Signature based IDS search for a known identity or signature for each specific intrusion event. Signature monitering is very efficient at sniffing out known signatures of attack but depends on receiving regular updates to it’s signature database to remain in sync with variations in hacker techniques.It becomes in-efficient as the signature database grows in size and complexity.It also requires more CPU cycles to check for every signature and also increases the possibility of false positives.

Anamoly detection based IDS captures all the headers of the IP packets running towards the network. From this, it filters out all known and legal traffic, including web traffic to the organization’s web server, mail traffic to and from its mail server, outgoing web traffic from company employees and DNS traffic to and from its DNS server. This helps detect any traffic that is new or unusual.It is particularly good at identifying sweeps and probes towards network hardware that precede any attack. It gives early warning of potential intrusions. Anomaly detection technique requires continuous uninterrupted timely huge amount of sensor data collection , management and analysis with full data integrity.It also needs deployment of unsupervised,supervised statistical algorithms to train and detect anomalies in network traffic in real time.

Data distribution service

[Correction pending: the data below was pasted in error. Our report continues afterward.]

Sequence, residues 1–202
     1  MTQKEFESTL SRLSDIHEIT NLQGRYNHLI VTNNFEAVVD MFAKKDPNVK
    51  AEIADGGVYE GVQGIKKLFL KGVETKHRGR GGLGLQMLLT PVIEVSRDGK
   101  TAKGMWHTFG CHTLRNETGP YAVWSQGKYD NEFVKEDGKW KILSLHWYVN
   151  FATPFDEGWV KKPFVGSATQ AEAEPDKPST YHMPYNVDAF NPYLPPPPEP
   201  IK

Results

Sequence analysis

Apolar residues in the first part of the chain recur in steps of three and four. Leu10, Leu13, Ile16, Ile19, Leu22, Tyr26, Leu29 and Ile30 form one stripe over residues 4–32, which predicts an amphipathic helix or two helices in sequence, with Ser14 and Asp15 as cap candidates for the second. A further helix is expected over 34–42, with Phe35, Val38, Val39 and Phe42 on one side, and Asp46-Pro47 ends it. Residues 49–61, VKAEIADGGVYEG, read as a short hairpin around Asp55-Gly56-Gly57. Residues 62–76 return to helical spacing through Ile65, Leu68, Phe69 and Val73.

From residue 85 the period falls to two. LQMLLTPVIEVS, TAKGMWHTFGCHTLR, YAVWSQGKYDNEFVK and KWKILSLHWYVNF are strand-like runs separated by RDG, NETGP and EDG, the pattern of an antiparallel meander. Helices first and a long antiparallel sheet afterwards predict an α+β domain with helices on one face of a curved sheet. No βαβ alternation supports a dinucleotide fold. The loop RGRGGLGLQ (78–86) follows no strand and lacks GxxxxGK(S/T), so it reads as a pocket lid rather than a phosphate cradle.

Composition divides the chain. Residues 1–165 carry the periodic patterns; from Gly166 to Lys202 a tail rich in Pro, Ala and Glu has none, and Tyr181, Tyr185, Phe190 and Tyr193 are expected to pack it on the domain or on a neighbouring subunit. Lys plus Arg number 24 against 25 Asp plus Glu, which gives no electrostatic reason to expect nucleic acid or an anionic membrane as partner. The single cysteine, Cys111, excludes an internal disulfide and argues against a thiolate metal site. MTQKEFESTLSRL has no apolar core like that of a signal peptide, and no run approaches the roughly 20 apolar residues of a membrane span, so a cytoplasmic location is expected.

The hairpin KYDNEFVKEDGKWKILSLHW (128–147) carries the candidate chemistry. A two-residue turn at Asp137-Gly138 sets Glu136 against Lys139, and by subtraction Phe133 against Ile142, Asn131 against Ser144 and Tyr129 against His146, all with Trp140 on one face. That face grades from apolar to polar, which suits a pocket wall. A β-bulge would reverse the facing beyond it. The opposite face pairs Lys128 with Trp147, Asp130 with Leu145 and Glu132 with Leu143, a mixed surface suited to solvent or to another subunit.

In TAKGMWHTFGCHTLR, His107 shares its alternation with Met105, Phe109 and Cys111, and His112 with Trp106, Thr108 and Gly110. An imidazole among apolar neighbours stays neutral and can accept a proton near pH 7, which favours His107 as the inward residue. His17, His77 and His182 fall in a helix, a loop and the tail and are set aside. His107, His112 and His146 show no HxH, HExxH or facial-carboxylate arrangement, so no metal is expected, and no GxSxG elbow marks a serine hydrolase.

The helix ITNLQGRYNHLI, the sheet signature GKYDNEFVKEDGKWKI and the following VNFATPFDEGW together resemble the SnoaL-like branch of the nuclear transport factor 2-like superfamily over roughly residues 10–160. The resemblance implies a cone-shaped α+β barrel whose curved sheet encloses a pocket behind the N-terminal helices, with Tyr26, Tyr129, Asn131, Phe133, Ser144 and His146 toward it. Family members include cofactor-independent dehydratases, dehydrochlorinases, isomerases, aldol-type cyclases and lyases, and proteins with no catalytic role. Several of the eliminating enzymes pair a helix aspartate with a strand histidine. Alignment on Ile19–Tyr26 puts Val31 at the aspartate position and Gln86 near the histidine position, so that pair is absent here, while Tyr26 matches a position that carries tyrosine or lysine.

Data distribution service (DDS) or message brokers such as Kafka is deployed to keep telemetry flows directed and in sync, and to ensure timely delivery and message integrity.It implements a publish/subscribe model for sending and receiving data, events, and commands among the nodes. Nodes that produce messages (publishers) create and publish “topics.” DDS delivers the messages from topics to subscribers that declare an interest in that topic.

DDS handles transfer chores: message addressing, data marshalling and unmarshalling (so subscribers can be on different platforms from the publisher), delivery, flow control, retries, etc.

Data enrichment

Once we have access to that data, some forms of data enrichment can be beneficial in adding context to a security event.Low false alarm rates are critical in anomaly detection and desirable in data cleaning. False alarms are generated in anomaly detection systems as not all anomalies are representative of attacks. Purging such anomalies (program faults, system crashes among others) is hence justifiable, but within reasonable limits. For example we can use motif extraction and translation to flag system calls and use translation table to associate motif occurance with probablity of attack.

Data correlation

Monitoring gains value as alerts are correlated from multiple sources of telemetry. But how do we approach this kind of correlation when handling terabytes of log data per day, both in thought process and technology.